~Last time, I set up nursing stations around the house complete with nursing pads and burp cloths. This time, I’ll be stashing extra shirts, nipple butter, water, and granola bars around the house too.
~I used an Arm’s Reach Co-Sleeper last time (for like 6 months) and will definitely do that again, but I’ve learned to position it more towards the head of the bed this time. Where it was last time made it a pain to scoot down to get out of bed twelve times a night to pee (new mom-to-be-newsflash: unfortunately, that doesn’t go away after you have the baby).
~Also, see that rocking chair? I never used it in our room. I only used it in the nursery. Won’t be hauling that thing in again. Because who was going to get out of bed every three hours to sit in a chair to nurse the baby, when I could just sit up, use my Snoogle pillow to wrap around me like a nursing pillow and nurse the baby while sitting up in bed? Laziness won every time because no sleep happened for like the first two years…(at least for us).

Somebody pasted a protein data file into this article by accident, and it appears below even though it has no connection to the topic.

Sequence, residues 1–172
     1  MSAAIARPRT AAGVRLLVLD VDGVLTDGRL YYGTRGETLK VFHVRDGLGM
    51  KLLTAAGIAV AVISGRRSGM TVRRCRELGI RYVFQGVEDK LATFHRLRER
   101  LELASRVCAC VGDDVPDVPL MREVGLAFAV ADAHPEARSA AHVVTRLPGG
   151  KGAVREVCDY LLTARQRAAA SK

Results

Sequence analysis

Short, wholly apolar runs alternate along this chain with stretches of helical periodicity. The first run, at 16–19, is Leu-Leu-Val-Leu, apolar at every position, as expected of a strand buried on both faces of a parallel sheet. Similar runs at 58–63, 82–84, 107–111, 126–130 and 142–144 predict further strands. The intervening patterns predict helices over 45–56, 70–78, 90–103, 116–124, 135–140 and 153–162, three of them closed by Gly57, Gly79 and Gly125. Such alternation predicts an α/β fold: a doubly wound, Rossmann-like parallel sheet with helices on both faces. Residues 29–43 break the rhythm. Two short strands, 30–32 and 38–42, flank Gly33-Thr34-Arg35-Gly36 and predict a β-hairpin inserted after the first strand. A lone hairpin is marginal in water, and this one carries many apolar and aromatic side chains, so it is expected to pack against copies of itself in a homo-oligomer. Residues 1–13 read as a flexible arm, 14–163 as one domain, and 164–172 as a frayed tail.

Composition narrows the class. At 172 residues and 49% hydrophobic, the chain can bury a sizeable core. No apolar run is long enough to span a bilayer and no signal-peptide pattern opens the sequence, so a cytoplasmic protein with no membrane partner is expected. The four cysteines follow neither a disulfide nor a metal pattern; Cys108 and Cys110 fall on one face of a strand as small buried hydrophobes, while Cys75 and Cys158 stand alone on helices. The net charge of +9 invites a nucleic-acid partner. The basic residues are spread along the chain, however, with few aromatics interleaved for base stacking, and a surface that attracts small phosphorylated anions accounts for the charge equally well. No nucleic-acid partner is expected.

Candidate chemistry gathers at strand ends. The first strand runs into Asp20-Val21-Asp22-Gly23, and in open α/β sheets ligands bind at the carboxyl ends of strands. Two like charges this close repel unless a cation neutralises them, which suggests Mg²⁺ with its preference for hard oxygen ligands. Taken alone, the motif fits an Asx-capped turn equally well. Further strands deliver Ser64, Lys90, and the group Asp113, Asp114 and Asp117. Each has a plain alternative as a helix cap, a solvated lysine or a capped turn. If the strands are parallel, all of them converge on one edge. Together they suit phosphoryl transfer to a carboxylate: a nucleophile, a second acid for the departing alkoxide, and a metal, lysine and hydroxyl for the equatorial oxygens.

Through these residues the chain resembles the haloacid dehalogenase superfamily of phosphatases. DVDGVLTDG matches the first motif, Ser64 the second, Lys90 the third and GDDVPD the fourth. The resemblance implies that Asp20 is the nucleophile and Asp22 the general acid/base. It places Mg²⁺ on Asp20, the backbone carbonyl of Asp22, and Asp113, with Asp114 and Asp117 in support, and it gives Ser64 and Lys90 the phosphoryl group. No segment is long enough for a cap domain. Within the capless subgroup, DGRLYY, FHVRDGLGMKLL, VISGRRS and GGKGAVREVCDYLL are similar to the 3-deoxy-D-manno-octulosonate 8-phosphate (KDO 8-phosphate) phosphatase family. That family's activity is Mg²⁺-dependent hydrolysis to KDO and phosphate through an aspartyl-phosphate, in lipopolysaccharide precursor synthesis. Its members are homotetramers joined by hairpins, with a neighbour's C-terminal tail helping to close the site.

~ I think I wore the same two nursing gowns and same three nursing tank tops for like 8 months. This purple one in particular was super comfy. I’ve learned I need more than just a handful of comfy pieces in my postpartum wardrobe to A. not feel frumpy and B. not have to wear previously puked upon clothing again because I’d not accomplished doing laundry yet that week. This time, I’ve stocked up on nursing tank tops, loose comfy leggings/pj shorts, nursing gowns, and a maternity sized robe that doesn’t show my butt when I bend over (heyyyy neighbors across the street while I’m getting my mail…).
~ I very naively thought that I would only be changing diapers in the nursery last time. I spent so much energy setting up the nursery that we rarely used for six months except for getting the kid dressed in the morning or after bath.What I discovered is that my energy could have been used to make supplies more accessible in other areas of the house so that my poor postpartum body didn’t have to climb up and down the stairs to get things.